A number of local museums in Northern Ireland close for one day a week. Likewise, as members will be aware, the National Museum of Ireland and National Museum Wales confirm that there is no detriment to the service that they offer to the schools market. Mr Robinson touched on the issue that Monday is the least preferred day for schools to visit the museums.

Mr K Robinson:

I would not say that it is the least preferred day; it is the most difficult day.

Mr McKee:

Indeed, it is the most difficult day. Therefore, our bookings for school visits are at their lowest on Mondays. As I said, we have been taking bookings for some time for the four-day-a-week operation, and there has been no adverse criticism.

Mr K Robinson:

You mentioned the potential that exists with people coming in on cruise ships. How flexible can you be under the new arrangements? If a cruise ship is expected to arrive in Belfast on a Monday in August, for example, and the folk on it want to visit one of your establishments, can you be flexible enough to make specific arrangements for them?

Mr McKee:

An important point is that the changes have been introduced in response to visitor demand, and we will remain flexible. For example, although the tourism bodies tell us that the cruise-ship market is more likely to be a weekend, particularly a Sunday, market, we can, nevertheless, remain flexible. There are ways in which we can offer visits to cruise-ship passengers on Mondays, if that is the only day on which visitors or —

Mr K Robinson:

So, you can predict and respond to demand?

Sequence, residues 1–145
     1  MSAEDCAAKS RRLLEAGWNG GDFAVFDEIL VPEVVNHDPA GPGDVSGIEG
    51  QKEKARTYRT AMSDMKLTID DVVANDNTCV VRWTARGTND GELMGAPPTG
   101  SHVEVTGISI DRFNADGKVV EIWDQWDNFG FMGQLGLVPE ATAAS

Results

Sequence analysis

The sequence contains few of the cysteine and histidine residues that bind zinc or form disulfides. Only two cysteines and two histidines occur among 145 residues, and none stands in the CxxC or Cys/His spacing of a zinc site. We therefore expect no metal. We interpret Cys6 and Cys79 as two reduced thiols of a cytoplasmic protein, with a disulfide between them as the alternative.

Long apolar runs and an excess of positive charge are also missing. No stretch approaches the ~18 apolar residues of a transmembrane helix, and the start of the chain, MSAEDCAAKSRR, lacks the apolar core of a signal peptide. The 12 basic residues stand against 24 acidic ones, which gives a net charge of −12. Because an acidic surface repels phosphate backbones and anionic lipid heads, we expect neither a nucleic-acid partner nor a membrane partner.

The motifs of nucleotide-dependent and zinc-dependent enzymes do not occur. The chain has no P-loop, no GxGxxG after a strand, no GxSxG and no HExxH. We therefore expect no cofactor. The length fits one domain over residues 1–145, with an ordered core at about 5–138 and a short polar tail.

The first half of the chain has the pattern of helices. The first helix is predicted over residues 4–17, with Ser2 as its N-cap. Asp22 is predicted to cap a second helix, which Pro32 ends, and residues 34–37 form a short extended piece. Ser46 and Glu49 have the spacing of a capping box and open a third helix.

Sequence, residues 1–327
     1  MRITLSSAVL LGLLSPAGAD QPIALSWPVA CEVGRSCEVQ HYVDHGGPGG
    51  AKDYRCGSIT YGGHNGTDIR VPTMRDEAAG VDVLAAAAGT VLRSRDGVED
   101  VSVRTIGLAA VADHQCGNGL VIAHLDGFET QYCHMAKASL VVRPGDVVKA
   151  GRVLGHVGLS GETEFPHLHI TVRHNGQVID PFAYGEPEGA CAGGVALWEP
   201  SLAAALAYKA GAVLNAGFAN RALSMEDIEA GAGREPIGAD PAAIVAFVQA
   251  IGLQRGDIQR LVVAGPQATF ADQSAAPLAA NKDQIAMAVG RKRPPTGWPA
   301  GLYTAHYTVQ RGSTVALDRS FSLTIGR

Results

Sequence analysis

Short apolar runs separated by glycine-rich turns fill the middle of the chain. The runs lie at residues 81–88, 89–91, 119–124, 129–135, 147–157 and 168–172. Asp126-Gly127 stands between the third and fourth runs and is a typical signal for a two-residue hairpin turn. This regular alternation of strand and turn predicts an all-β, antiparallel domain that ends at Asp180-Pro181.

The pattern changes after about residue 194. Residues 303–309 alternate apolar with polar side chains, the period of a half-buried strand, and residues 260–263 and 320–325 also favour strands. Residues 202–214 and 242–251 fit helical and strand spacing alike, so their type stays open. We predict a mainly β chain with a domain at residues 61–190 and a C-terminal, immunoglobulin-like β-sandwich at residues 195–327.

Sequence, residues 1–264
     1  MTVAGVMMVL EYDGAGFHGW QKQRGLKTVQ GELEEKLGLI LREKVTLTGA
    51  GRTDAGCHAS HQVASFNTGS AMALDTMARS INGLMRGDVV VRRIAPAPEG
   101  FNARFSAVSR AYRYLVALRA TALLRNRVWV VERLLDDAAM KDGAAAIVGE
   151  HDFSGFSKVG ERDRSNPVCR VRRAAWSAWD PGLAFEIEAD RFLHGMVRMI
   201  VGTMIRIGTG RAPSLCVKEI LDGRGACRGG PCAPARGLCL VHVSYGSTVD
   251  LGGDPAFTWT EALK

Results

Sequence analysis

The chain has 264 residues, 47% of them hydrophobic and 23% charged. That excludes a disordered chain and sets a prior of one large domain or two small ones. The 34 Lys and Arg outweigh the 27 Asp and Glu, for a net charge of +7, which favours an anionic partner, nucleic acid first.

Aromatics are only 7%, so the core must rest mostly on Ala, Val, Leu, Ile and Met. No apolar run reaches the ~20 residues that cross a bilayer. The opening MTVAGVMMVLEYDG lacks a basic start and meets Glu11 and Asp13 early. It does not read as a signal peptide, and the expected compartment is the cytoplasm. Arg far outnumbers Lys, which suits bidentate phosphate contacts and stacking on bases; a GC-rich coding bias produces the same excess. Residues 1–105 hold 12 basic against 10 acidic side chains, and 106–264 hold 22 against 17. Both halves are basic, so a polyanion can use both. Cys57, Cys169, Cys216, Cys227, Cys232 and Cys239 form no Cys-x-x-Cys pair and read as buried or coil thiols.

Mr McKee:

We can, and we intend to do so.

Mr D Bradley:

You mentioned that you had carried out market research into the proposed changes. Did you carry out any formal consultation, for example, with frequent users of your facilities, such as the schools and your regular customers?

Mr Cooke:

Again, I will ask Marshall to comment on that in one moment. That issue of travelling and opening hours at weekends had been debated and discussed over a long period. Much dialogue took place with those who are responsible for tourism, and much thinking and discussion took place to do with our approach to learning. For example, a well-known museum publication called ‘Inspiring Learning for All’ sets out new directions for learning in museums that move away from slightly more formal approaches.

Mr McKee:

As Gillian said, the research was carried out among our users and non-users. In that respect, our customer base was covered as a result of the consultation. The consultation process also included elements of the education sector, which was carried out by way of questionnaires. We also have close working relationships with teachers and the education sector in general. We feel confident that the needs of the education sector, an element to which Mr Bradley referred, have been taken into consideration by the proposal for the change in opening hours.

Ms McClean:

In addition to the postal survey, six in-depth interviews were undertaken in schools across the Province.

Mr D Bradley:

What percentage of school visits take place on a Monday?

Mr McKee:

Over a week, visits from schools take place as follows: 13% take place on a Monday, 21% on a Tuesday, 21% on a Wednesday, 25% on a Thursday and 20% on a Friday.

Mr McCartney:

Do you have the overall figures for visitors to museums on a Monday?

Mr McKee:

Excluding those from schools, and excluding bank holidays, when, of course, the museums will remain open, the figures for Mondays are as follows: 7% at the Ulster Folk and Transport Museum; 10% at the Ulster Museum; and 8% at the Ulster American Folk Park. We remain confident that those visitors will use the facilities between Tuesday and Sunday.